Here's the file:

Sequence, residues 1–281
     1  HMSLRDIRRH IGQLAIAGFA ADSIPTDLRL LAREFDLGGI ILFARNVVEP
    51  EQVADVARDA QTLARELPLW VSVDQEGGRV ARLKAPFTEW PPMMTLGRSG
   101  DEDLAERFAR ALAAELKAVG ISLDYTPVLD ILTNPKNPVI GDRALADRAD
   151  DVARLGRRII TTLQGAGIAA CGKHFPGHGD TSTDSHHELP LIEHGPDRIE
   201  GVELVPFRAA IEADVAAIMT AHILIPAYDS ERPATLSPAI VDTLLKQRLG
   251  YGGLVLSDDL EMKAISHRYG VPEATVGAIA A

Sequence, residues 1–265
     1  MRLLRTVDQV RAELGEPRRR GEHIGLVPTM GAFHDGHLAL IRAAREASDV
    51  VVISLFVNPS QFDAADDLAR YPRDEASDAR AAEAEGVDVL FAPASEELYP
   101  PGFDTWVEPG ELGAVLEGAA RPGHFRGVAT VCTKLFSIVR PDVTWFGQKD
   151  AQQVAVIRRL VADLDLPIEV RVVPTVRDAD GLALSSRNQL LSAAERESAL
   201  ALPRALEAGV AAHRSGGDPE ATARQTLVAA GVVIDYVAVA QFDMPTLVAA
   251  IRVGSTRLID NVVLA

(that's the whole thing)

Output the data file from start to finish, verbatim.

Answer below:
Sequence, residues 1–281
     1  HMSLRDIRRH IGQLAIAGFA ADSIPTDLRL LAREFDLGGI ILFARNVVEP
    51  EQVADVARDA QTLARELPLW VSVDQEGGRV ARLKAPFTEW PPMMTLGRSG
   101  DEDLAERFAR ALAAELKAVG ISLDYTPVLD ILTNPKNPVI GDRALADRAD
   151  DVARLGRRII TTLQGAGIAA CGKHFPGHGD TSTDSHHELP LIEHGPDRIE
   201  GVELVPFRAA IEADVAAIMT AHILIPAYDS ERPATLSPAI VDTLLKQRLG
   251  YGGLVLSDDL EMKAISHRYG VPEATVGAIA A

Sequence, residues 1–265
     1  MRLLRTVDQV RAELGEPRRR GEHIGLVPTM GAFHDGHLAL IRAAREASDV
    51  VVISLFVNPS QFDAADDLAR YPRDEASDAR AAEAEGVDVL FAPASEELYP
   101  PGFDTWVEPG ELGAVLEGAA RPGHFRGVAT VCTKLFSIVR PDVTWFGQKD
   151  AQQVAVIRRL VADLDLPIEV RVVPTVRDAD GLALSSRNQL LSAAERESAL
   201  ALPRALEAGV AAHRSGGDPE ATARQTLVAA GVVIDYVAVA QFDMPTLVAA
   251  IRVGSTRLID NVVLA